EB: Indeed I do! One reason is that few other choral works have managed to build such a perfect bridge between modern musical language (and orchestration) and the foundation of the choral tradition (more precisely the Bachian and Germanic traditions).
In Psaume XLVII there are some amazing choral effects as well — and quite advanced for their time (1904). These include the rippling waves just after the solo soprano, and the rhythmic violence which presages Stravinsky, to cite just two examples.
PLN: You traveled from Lyon in France to Berlin in Germany just to hear this concert. Based on how the concert went, are you glad you made the journey?
EB: Yes! I’d travel many kilometers to hear this piece live — and this concert fulfilled my fondest expectations. It was the most exhilarating emotion I’ve experienced at a concert in a long time — in short, one of the best concerts of my life. Thinking about it now still gives me goose-bumps.
PLN: To those who may not be familiar with the music of Florent Schmitt, what compositions in addition to Psalm 47 would you recommend that they explore?
EB: La Tragédie de Salomé, of course, for the incredible orchestration. Dionysiaques also, for its rhythmic exploration and complexity, and generally for the incredible way that Schmitt composed for a concert band. The Suite sans esprit de suite is also wonderful for its fantasy and humor.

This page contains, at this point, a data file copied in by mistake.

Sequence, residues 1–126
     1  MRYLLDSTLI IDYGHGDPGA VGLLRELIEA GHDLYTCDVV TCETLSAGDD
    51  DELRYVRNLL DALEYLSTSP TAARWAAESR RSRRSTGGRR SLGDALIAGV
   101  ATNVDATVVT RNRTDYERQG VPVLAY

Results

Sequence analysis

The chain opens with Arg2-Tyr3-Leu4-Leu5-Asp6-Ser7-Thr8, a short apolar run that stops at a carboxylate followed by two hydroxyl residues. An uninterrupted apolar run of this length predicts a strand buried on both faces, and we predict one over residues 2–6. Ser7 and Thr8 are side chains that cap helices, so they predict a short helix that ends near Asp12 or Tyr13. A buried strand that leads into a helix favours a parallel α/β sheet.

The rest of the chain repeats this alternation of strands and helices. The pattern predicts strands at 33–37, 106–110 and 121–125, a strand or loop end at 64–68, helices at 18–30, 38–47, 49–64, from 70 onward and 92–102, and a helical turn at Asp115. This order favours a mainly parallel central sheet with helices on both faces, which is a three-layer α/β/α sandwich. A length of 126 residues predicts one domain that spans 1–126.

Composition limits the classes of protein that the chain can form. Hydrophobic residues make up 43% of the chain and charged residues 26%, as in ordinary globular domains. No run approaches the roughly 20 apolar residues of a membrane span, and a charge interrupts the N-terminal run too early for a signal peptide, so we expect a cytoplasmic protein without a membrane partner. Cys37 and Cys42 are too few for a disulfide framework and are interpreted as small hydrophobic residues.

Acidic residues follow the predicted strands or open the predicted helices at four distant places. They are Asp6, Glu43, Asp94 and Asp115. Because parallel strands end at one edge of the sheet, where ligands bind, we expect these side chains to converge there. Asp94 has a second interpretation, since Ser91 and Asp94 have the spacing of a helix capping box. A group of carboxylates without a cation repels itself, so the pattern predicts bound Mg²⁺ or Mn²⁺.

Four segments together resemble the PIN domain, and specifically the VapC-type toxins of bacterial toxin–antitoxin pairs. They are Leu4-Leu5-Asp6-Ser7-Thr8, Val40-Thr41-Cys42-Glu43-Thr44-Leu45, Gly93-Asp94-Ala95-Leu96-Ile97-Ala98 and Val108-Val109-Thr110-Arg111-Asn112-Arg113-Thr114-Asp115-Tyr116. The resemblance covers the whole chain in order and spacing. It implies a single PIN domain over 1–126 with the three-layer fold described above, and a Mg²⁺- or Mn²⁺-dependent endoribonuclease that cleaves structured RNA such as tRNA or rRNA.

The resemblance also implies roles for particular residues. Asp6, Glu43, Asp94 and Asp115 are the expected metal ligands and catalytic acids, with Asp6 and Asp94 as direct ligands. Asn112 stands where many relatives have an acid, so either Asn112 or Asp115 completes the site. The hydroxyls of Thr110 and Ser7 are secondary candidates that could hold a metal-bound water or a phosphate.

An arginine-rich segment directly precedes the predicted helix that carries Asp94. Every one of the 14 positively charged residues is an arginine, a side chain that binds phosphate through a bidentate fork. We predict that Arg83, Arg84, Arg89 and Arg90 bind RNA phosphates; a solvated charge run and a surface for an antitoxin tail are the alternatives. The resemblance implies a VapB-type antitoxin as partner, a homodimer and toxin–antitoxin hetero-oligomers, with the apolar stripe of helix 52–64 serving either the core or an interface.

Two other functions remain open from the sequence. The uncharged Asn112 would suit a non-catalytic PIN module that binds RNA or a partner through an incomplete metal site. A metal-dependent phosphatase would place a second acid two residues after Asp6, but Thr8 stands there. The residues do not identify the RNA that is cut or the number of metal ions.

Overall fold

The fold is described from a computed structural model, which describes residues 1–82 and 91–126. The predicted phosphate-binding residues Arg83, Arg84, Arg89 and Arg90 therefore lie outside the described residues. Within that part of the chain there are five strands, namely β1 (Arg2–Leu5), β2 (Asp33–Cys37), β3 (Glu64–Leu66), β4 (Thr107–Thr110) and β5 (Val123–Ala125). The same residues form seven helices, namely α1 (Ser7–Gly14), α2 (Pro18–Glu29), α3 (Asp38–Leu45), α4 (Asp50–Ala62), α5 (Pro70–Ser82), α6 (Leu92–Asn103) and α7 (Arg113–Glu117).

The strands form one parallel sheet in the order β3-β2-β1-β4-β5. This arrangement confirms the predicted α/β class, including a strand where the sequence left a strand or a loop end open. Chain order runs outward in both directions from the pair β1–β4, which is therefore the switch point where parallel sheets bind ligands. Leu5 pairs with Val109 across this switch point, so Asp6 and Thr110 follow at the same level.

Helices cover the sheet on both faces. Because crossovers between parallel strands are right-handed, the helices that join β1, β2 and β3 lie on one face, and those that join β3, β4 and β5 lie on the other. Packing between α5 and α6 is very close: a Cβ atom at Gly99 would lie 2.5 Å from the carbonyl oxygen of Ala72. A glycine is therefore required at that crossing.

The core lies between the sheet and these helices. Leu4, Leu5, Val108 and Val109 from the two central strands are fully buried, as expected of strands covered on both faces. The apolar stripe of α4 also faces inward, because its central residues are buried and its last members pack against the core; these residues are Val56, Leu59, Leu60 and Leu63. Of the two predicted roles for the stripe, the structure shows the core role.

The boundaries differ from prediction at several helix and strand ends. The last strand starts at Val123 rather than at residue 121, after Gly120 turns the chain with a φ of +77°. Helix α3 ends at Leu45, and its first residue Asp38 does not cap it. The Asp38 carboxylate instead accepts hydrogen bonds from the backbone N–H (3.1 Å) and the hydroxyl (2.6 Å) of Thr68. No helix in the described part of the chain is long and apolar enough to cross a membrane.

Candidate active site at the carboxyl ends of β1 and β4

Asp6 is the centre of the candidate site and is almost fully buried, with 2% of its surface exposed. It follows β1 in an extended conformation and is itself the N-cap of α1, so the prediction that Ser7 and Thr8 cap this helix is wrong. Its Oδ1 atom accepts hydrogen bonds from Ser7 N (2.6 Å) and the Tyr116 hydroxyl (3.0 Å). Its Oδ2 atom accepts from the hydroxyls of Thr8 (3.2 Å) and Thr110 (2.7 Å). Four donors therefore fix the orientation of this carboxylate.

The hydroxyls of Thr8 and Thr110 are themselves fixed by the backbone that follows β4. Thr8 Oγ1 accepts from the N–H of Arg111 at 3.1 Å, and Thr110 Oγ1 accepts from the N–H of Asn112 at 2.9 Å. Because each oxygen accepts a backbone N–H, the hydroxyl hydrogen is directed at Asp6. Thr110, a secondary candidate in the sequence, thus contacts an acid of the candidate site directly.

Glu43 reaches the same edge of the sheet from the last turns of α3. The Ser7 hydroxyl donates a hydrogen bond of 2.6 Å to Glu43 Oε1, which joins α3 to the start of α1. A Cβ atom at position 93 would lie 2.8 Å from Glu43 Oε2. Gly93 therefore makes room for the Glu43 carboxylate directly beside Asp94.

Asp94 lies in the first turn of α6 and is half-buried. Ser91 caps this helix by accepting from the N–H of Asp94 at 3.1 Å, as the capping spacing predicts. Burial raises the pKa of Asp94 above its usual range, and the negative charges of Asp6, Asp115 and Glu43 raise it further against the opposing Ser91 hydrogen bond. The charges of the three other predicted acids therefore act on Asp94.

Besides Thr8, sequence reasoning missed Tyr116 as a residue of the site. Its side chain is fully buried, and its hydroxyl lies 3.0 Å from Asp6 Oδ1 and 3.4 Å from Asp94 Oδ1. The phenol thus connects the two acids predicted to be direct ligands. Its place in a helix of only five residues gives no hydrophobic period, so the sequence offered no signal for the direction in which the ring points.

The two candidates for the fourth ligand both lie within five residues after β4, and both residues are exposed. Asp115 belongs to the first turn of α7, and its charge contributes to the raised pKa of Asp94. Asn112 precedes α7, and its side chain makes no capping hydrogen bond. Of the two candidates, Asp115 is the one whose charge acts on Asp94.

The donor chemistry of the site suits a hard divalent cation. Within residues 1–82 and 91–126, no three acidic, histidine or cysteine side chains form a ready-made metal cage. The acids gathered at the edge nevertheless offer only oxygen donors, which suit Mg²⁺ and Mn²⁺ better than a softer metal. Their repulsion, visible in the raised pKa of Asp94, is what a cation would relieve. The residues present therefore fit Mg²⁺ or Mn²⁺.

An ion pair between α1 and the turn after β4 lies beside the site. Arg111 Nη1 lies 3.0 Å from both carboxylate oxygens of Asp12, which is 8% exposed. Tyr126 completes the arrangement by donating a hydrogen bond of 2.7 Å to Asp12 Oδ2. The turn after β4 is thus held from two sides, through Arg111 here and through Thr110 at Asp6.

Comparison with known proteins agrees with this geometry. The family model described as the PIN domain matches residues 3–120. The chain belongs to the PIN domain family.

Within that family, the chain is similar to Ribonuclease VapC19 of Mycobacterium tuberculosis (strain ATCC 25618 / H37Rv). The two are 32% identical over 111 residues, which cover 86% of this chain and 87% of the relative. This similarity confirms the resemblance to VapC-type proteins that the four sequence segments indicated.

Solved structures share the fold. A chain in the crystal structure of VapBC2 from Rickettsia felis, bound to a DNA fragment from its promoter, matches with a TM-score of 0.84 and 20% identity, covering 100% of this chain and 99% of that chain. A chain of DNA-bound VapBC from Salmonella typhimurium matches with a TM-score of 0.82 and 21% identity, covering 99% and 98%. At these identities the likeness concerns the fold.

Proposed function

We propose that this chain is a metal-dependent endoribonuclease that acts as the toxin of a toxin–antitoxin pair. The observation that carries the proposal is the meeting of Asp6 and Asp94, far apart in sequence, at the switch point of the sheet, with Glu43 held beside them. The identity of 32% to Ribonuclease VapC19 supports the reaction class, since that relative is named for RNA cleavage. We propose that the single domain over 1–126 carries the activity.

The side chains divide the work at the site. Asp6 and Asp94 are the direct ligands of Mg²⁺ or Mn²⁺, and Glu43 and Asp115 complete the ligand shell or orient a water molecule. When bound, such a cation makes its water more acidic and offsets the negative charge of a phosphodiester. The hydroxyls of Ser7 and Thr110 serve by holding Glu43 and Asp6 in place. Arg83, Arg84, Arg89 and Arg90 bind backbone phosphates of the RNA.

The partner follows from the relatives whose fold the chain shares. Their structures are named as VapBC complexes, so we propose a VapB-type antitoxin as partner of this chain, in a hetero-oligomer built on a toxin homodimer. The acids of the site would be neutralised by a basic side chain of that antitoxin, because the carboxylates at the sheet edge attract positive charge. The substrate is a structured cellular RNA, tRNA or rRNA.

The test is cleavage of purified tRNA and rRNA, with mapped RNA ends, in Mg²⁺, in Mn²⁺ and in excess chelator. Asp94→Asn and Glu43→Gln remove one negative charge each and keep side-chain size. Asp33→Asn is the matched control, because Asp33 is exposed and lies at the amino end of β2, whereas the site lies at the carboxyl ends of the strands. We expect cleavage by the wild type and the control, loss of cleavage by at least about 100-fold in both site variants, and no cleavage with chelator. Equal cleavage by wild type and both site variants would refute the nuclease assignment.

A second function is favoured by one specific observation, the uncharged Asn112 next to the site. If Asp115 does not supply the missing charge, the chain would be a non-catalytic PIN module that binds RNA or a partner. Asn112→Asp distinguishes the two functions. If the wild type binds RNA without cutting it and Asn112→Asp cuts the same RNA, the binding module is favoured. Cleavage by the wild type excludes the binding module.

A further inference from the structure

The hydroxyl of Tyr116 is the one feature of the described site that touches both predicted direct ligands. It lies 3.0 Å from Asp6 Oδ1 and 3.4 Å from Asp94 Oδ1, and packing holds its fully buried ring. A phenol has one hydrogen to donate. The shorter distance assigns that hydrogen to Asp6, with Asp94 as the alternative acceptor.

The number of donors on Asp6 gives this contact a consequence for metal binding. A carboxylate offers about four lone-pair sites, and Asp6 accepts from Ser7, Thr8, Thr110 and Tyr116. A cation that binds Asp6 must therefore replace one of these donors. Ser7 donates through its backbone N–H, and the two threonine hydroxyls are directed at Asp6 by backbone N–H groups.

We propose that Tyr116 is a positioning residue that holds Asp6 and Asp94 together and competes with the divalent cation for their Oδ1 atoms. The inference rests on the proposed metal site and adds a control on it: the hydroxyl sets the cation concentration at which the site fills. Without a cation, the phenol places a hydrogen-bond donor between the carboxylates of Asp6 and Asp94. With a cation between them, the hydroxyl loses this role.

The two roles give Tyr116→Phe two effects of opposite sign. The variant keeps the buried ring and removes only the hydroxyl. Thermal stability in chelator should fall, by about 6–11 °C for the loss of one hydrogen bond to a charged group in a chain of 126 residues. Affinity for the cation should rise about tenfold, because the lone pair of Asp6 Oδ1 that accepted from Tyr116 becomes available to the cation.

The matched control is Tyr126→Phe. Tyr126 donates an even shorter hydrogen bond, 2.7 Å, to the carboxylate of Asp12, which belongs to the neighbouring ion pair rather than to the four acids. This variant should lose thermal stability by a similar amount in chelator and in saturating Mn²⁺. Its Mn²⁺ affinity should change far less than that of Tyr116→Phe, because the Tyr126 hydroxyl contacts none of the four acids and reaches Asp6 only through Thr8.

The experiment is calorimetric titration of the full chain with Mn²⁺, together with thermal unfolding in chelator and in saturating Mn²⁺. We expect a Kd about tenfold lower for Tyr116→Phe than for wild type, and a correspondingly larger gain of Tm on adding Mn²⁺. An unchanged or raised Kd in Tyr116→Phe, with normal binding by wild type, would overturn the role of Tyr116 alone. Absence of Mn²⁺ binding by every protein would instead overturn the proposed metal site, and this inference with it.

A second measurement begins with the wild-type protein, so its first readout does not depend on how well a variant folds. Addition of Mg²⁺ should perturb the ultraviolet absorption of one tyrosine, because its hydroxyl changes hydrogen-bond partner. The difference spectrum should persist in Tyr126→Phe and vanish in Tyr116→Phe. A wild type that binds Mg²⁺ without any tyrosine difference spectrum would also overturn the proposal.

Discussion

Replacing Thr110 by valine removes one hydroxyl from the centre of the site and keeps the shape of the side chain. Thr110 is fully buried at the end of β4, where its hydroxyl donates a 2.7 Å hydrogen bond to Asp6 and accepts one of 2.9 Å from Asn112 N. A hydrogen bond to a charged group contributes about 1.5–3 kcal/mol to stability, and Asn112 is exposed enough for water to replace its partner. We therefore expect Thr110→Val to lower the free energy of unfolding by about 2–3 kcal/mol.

PLN: Any additional thoughts you like to share about Florent Schmitt and his music?
EB: It is gratifying to see that today, after decades of neglect, Schmitt’s music has gained recognition — at least on recordings. But his absence from the concert stage is absolutely unacceptable. We must urge conductors and programmers to explore his catalogue.
At the very least, the Psaume and Salomé should be part of the repertoire of any serious, professional orchestra and chorus.
Speaking as someone who has also traveled many miles to see and hear the magnificence of Psalm 47 in concert, I can well understand the passion that Eric Butruille feels for this music. We are grateful that he was willing to share that passion with us.
… And for those who would like to download and listen to the Berlin RSO live performance of Psalm 47 for themselves, you can do so via this link.